Aaron: It’s never too early to get in the mood for Halloween. I’ll be reading Washington Irving’s The Legend of Sleepy Hollow in preparation for my favorite holiday. 

Anna: I have been binge watching the series “Jamestown,” a PBS drama focusing on the first women who arrived at the Virginia settlement in 1619. I’m also listening to The Tea Girl of Hummingbird Lane by Lisa See, a novel that parallels the lives of a Chinese woman named Li-yan in the mountains of Yunnan and her daughter Haley, who has been adopted by a Californian couple.

Andrea: The most recent movie that I've seen in theaters is "Sorry to Bother You," a brutally honest and dramatized piece that unashamedly brings forward the topics of race and class, specifically the stereotypes viewed by white America.

RSI Staff
Staff Spotlight: Aaron Roundtree
Aaron Roundtree.jpg

Assistant Account Executive Aaron Roundtree enjoys delving into research and data analysis for a variety of clients at Rapp Strategies.

“Good research is important,” says Aaron. “It provides a critical foundation for how we can better understand and engage community members to achieve client goals.”

Prior to joining Rapp Strategies, Aaron sharpened his data skills through his work for the City of Minneapolis and internships at the Governor’s Office and Minnesota Senate.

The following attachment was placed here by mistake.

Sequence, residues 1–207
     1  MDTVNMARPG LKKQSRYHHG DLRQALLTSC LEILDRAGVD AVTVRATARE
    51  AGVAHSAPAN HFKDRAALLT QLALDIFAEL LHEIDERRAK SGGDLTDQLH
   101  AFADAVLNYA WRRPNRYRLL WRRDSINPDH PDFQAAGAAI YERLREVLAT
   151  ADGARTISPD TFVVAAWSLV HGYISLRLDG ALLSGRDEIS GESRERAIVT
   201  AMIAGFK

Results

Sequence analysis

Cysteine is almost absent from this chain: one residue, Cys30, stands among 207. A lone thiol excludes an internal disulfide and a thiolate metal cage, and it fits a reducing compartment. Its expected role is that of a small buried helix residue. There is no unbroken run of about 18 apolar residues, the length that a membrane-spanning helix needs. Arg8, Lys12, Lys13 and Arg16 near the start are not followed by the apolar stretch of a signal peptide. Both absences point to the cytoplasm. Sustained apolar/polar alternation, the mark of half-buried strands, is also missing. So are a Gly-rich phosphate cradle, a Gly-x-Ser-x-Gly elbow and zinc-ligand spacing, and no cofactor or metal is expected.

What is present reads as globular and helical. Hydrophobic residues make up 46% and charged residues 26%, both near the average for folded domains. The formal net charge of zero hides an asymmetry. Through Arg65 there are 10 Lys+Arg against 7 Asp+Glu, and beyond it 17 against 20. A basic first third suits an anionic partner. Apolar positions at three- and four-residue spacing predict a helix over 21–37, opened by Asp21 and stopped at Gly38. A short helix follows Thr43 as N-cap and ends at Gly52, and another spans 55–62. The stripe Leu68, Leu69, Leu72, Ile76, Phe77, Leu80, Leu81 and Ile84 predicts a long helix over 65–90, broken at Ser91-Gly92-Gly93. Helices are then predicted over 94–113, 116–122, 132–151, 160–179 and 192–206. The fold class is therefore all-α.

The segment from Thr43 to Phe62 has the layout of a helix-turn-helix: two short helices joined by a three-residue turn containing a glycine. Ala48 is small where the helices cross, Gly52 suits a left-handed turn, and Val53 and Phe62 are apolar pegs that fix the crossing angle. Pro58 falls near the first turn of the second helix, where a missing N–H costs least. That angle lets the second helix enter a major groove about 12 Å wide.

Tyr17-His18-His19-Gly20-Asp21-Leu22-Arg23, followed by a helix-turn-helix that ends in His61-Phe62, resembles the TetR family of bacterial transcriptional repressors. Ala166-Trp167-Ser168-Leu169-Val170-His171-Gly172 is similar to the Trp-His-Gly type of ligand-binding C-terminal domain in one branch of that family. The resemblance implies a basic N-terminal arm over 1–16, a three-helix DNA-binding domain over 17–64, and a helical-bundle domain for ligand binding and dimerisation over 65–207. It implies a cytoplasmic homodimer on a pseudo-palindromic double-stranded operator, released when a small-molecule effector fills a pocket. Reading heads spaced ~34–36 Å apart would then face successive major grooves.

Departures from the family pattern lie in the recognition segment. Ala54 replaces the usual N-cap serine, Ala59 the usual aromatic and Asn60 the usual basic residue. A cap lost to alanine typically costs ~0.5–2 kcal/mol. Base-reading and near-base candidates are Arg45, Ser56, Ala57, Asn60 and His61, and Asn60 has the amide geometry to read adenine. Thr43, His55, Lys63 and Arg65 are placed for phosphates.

"My collective experience has served me well as part of the Rapp Strategies team," says Aaron. "It's motivating to know the work I do here makes a significant impact on how clients shape their communications strategies.”

How have you grown as a professional since you started working at Rapp Strategies?

Working for clients at Rapp Strategies has exposed me to issues that affect greater Minnesota populations. Interacting with voices different from your own is always thought-provoking and helps put Minnesota’s socioeconomic diversity into perspective.

What is your favorite aspect of your job?

Research, data and survey analysis. The meticulous work is similar to a treasure hunt in the sense that there's always something valuable to find.

What is one habit that makes you more successful?

I take time to listen.   

As a kid, what did you want to be when you grew up?

Many things, but inspired by the film The Fugitive, I most wanted to be a U.S. Marshall.

What do you consider your greatest accomplishment?

Playing Big Ten football.

What is one thing about you few people know?

I was ambidextrous throughout my childhood and into my teenage years.  

What is the best advice you have ever received?

A quote by Shirley Chisholm that my family and close friends abide by: “If they don’t give you a seat at the table, bring a folding chair."

What is one piece of wisdom you would give your younger self?

Don’t stress yourself out. There’s more important things in life than 10th grade geometry.   

RSI Staff